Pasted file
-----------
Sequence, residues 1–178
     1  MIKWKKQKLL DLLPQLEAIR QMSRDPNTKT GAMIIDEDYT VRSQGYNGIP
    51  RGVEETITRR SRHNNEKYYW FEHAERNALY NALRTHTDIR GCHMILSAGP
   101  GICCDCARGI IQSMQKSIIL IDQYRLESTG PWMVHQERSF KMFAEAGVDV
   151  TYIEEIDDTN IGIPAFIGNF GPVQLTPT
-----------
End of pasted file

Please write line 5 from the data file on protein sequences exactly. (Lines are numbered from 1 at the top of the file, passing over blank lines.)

   151  TYIEEIDDTN IGIPAFIGNF GPVQLTPT